Archive for winter

Preparing Guinea Pigs For Winter

I was going to get this out Wednesday, but started feeling flu-ish. Yesterday, I woke up with a fever of 100.0 so I decided to call out from work and just try to rest in bed as much as possible. No fever today, but I do have this yucky cough thing that is/was going around the school I work in.

Anyway, to the guinea pigs! Kaida’s guinea pigs used to live inside in a cage tower that I built with 1.5 levels totaling 13.75 sq ft for each gender group (3 females in one 1.5 level section, 2 males in the other 1.5 level section). After we adopted her new cat, Jingle, the guinea pigs moved to the barn into a slightly renovated 8′ x 4′ stall that I divided in half, so each gender group now gets about 16 sq ft all on one level. The cat decided it was fun to reach her paws through the bars on the door-side of the cage (the entire side could open to make cleaning easier) so the guinea pigs were moved to where no predator could get to them.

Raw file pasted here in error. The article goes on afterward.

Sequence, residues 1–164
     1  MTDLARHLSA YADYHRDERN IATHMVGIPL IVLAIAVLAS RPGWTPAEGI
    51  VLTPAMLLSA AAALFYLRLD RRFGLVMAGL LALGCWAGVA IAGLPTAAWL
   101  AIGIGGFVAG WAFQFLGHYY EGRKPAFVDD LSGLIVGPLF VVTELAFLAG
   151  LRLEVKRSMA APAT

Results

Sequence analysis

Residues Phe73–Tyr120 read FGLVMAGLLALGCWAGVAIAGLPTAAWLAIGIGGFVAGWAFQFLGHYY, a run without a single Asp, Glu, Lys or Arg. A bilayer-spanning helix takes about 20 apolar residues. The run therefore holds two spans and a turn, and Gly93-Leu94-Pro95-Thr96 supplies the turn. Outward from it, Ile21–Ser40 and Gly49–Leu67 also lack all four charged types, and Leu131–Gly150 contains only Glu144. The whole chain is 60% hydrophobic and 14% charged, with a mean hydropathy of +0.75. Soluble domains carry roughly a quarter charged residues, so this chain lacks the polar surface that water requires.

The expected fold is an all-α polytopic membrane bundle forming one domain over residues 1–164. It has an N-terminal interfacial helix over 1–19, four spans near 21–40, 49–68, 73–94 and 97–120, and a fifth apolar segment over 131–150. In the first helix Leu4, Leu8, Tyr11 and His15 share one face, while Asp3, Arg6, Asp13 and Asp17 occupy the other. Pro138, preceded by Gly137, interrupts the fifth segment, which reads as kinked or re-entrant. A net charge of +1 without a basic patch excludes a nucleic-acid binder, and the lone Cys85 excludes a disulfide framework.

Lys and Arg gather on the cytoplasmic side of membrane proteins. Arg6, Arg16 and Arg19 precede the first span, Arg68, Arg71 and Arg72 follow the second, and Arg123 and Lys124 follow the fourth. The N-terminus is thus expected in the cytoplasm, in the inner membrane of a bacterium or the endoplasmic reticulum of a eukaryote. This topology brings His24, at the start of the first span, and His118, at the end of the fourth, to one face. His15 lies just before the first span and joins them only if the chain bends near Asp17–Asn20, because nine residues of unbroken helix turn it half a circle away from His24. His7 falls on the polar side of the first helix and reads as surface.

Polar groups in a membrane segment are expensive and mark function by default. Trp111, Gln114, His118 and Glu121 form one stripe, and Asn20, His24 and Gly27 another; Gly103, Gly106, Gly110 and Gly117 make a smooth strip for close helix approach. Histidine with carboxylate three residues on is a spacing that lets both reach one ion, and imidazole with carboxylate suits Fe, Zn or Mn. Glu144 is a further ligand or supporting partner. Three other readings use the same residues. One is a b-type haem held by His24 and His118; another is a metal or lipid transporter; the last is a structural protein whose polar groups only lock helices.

With winter coming on fast this week, I wanted to do something that would help them be able to stay warmer without plugging in heat lamps just yet. I’m trying to save the heat lamps for when it’s -15* F wind chill and 4* F without the wind chill, which we’ve had for the past two years in February.

I used dish pans with the sides cut out to make hay boxes for them when they were inside. They are cheap and are pretty easily cut. That’s what we used in the outside stalls and I knew that that would be where they’d be spending most of their time.